Dog Training: Drop (Release)

By ACS Bookshop UK on August 28, 2018 in Pets | comments

Dogs like to pick things up. Hurley loves to pick up socks left in the washing. He runs away with them and hides them in his basket. If he is caught and told to drop them, he will; however, not all dogs will release things. They may pick up something they should not, like a toy, or sock, or food. Or they may have their ball and not want to give it back so the owner can throw it. Taking things from a dog’s mouth, and in particular food, can be risky. We would only recommend doing this if you are very sure of the dog and the dog’s temperament.

Being able to take food out of the mouth of a dog is an important indicator of hierarchal pack mentality and your place within it. As an owner or handler, you should be able to take food out of the mouth of your dog, as you should be the ‘alpha’ pack member in your dogs mind, thus it should be submissive to you. We do not recommend you try this without careful knowledge of the dog, its behaviour and a deep understanding of pack order. Even the smallest dog breeds can have a nasty bite, and pet dogs will naturally follow their instincts to protect their food item.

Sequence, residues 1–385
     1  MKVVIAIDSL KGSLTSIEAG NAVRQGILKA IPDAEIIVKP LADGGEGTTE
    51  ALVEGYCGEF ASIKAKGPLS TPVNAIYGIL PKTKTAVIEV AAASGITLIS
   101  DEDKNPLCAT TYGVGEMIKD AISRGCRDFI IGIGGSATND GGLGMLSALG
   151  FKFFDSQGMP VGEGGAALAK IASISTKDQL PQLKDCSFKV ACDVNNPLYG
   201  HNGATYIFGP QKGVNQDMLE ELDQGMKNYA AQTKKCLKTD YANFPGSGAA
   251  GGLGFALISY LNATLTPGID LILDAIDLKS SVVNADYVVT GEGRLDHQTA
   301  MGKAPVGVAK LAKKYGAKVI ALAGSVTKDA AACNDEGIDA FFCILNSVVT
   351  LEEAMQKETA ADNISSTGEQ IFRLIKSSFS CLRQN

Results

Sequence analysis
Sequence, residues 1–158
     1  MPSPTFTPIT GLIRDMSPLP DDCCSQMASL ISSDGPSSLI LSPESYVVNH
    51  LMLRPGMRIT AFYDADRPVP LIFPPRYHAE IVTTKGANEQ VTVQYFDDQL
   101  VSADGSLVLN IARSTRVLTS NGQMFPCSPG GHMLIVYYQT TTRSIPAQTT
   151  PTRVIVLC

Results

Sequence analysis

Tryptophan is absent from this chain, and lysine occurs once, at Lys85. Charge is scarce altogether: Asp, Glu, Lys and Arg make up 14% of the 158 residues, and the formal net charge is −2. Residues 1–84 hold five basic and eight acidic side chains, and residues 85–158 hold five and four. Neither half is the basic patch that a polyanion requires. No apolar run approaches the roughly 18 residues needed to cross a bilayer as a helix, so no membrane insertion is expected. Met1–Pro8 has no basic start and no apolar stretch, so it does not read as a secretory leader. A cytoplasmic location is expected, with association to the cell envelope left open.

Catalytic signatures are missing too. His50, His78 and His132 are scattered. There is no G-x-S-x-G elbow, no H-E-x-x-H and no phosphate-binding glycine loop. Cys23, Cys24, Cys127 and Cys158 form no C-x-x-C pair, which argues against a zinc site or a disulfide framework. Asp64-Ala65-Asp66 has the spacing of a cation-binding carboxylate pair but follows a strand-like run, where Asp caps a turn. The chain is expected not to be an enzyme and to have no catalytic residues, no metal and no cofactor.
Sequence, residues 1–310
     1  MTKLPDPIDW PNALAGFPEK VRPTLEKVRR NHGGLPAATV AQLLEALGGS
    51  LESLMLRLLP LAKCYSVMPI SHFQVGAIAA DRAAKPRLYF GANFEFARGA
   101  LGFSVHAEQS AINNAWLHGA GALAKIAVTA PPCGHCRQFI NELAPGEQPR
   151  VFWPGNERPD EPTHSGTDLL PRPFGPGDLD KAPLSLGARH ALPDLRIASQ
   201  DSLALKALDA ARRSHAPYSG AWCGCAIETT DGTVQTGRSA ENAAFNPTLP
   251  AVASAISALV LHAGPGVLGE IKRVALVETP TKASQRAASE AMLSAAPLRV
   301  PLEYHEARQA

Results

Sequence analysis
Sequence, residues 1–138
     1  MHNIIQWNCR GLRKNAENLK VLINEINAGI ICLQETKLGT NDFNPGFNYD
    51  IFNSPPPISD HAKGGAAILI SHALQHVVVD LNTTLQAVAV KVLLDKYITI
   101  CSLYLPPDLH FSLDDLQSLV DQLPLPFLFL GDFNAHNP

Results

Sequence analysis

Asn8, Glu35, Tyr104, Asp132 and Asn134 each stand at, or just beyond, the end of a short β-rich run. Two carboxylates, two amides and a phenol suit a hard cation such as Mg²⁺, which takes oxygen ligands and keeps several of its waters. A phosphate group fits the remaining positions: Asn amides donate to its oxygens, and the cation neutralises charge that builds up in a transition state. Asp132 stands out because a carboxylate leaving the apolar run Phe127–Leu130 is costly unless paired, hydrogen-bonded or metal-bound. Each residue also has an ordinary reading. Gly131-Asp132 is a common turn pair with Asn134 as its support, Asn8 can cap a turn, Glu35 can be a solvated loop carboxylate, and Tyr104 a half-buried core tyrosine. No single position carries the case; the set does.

For the purposes of this technique, we will assume we are asking the dog to a release a ball from its mouth.  

Technique for drop (release)

  1. Call your dogs name to gain their attention and use the RECALL command.
  2. From a sitting position with the dog facing you and with the item (ball) in the dogs mouth, bring your right hand containing a small food treat in front of the dogs nose but not touching it.
  3. The dog will naturally lean forward sniffing the treat from your hand, when the nose touches your hand, open your clasped hand to reveal the treat.
  4. Your dog should release the ball from its mouth as it take the treat from your hand, as soon as it releases the ball give the DROP command.
  5. Reinforce by giving the dog a small treat immediately.
  6. Take the ball in your left hand and move your right hand back into the position beside your waist.
  7. Repeat a number of times and with many different items.

Rewards should reduce until they are used only as random reinforcer's.

If you would like to know more about looking after your dog, or any other pet, take a look at our eBooks or short courses. These offer a great resource for reference and a quick way to learn about a topic or refresh your knowledge. Titles include:

Caring For Dogs eBook

Dog Owners Short Course

Cat Care eBook